The appellants are the Interstate Commerce Commission and the Northern Railroads and the appellees are the Southern Railroads and two associations, one the southern governor's conference and the other Southeastern Association of Railroad and Utility Commissioners.

Your Honors will recall I believe that a joint rate is one which applies over two or more railroads but is stated in a single sum.

The divisions in issue in this case were primary divisions.

That is to say divisions which applied to and from the certain gateways between Northern and Southern railroads and if there was more than railroad north to the gateway those two railroads over three railroads would get their share of the revenue from subdivisions of the primary division and likewise south of the gateways.

Those subdivisions were not in issue in this case only the primary divisions.

The railroad's evidence both that submitted by the Southern lines and that's submitted by the Northern lines was on a group basis in which all the Northern lines were grouped together and there figures submitted by on the group basis and likewise for the Southern lines.

And it was decided by the Commission on a group basis except that the Norfolk Southern Railroad one of the Southern group, was awarded division higher than that granted to the Southern lines generally.

This was in recognition of its greater revenue needs and there is no issue about that before the Court.

The Commission is empowered by paragraph 6 of Section 15 of the Interstate Commerce Act to prescribe just and reasonable divisions whenever after hearing in its opinion it finds that the existing divisions are unjust unreasonable or inequitable.

The case before the Commission was one that was originally decided in 1953.

Before that decision, the divisional factors prescribed for Southern lines were generally 25% higher mile per mile than those prescribed for Northern lines.

And on the very important item of citrus fruit which moves in great larger in South to the North, the -- an earlier case had fixed the divisions as high as 85% higher than the Northern lines factors.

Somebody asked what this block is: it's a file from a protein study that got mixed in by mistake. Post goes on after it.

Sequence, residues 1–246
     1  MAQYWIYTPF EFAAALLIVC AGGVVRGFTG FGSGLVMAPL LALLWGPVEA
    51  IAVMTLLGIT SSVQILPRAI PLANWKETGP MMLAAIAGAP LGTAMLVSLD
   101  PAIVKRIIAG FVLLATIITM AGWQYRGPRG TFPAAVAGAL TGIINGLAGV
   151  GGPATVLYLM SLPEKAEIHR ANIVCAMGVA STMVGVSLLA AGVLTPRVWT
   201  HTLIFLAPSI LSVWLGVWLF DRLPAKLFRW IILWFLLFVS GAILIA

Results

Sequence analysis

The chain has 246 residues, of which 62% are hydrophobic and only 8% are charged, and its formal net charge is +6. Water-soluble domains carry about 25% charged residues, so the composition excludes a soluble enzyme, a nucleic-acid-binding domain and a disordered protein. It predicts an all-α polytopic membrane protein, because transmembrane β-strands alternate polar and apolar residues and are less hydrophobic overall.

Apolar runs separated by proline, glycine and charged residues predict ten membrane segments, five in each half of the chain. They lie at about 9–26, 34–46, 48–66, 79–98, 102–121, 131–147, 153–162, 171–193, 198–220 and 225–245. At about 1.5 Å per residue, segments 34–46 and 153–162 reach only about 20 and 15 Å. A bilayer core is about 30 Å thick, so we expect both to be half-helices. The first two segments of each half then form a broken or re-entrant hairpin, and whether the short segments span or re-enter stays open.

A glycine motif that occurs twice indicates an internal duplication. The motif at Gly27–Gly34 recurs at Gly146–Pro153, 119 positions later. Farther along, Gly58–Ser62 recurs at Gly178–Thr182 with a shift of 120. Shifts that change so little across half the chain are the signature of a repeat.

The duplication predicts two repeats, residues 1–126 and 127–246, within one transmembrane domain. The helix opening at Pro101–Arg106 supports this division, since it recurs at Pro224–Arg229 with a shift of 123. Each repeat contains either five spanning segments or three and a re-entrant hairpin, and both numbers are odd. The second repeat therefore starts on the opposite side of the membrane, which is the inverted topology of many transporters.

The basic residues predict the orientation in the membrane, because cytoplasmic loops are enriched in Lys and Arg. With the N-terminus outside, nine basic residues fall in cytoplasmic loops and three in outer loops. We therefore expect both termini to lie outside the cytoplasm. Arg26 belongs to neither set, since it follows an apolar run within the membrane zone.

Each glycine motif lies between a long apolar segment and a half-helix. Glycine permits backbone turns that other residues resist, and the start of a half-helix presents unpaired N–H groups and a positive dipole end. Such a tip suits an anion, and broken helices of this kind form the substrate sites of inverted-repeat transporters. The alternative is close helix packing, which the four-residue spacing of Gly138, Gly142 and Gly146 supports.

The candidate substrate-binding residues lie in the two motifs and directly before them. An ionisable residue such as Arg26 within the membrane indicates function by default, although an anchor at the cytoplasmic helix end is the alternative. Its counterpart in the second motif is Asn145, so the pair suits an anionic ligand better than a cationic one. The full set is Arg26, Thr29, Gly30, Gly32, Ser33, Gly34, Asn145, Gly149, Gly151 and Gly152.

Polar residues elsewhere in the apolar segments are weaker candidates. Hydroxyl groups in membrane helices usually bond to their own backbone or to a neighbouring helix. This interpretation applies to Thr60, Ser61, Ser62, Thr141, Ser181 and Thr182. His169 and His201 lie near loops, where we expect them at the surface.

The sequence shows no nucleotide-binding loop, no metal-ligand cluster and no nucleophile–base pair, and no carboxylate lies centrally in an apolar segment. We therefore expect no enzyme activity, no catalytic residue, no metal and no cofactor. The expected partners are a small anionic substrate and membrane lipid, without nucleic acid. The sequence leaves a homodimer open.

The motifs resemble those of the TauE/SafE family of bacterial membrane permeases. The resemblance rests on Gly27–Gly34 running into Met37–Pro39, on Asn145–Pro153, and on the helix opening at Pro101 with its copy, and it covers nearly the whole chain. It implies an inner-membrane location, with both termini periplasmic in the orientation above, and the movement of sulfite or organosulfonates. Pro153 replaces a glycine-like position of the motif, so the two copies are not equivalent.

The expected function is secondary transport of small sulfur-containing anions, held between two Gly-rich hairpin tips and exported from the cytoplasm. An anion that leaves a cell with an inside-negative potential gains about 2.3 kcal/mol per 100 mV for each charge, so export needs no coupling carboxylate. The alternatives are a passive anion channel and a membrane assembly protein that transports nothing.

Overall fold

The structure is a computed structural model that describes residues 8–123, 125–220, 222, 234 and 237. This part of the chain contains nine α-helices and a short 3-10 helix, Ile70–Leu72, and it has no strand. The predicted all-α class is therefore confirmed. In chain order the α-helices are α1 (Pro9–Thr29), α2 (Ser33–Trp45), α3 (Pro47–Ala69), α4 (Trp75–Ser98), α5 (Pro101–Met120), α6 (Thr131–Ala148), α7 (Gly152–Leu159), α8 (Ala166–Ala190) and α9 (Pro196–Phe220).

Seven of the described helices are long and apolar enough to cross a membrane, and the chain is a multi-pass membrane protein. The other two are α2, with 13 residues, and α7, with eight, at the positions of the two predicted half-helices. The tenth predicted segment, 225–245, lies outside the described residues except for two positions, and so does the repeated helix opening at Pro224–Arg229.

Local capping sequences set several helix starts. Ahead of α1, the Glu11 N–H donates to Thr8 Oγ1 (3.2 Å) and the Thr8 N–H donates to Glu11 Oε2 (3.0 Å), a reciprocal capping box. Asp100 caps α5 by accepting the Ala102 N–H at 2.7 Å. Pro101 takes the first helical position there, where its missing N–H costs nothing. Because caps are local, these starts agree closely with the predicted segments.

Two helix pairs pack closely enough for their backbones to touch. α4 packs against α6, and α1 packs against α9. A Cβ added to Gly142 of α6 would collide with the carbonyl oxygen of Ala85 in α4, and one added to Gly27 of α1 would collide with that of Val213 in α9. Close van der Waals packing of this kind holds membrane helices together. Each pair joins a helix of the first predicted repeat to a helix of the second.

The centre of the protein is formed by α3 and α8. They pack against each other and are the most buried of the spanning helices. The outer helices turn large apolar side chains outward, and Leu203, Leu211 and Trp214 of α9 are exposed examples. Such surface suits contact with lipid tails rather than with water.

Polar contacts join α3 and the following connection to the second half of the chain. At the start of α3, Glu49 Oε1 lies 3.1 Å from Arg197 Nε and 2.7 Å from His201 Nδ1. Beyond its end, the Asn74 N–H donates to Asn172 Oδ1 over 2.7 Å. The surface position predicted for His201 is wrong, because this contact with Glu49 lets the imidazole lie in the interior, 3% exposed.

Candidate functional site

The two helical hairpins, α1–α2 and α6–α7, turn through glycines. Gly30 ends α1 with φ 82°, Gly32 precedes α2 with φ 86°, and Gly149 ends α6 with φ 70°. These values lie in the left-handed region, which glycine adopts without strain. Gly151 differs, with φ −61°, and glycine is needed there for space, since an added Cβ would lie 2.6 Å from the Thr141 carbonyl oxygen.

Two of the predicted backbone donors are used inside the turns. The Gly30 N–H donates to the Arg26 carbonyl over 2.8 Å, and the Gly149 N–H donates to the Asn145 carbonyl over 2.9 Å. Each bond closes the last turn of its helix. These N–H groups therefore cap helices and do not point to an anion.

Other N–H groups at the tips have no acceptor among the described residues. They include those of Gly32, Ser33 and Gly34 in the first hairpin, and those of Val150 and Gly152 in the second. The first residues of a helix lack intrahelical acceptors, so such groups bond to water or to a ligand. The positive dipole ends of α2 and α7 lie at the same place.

Now, I should correct that.

The Northern lines -- the Southern lines didn't get divisions 85% higher but the factors which go into make that were 85% higher so that the Southern line got something a lesser percentage than the 85% but very substantially more than the Northern lines.

In the 1953 decision, which is in a decision in the same docket of the Commission as the order here under review -- in the 1953 decision, the Commission concluded that if it were to give controlling weight to the Northern lines cost studies, it would have to give them higher divisions than the Southern lines.

But it regarded the sum elements of the cost as being transient in nature and it's found that it would be the safest assumption for the future that neither group of railroads would have a substantially lower basis of operating expenses than the other.

So, it prescribed equal fact to divisions for both groups of lines.

In 1959, that same proceeding was reopened upon petition of the Northern Railroads.

They alleged in the petition that the experience of the intervening years had confirmed their contention that their cost were higher than those of the Southern lines.

The Commission reopened the case; evidence was taken between 1959 and 1961 resulting in what the lower court called a massive record.

There were extensive briefs proposed report by two examiners recommending increase divisions for the Northern lines, exceptions, replies and oral argument.

The Southern lines contended before the Commission that the relative costs of performing the service involved constitute the decisive measure in determining just and reasonable divisions.

They urged the Commission to find such cost on the basis of the average territorial costs as shown by the Commission's Rail Form A formula for official territorial lines and for Southern territorial lines respectively but subject to 12 adjustments in those territorial average cost which Southern lines proposed.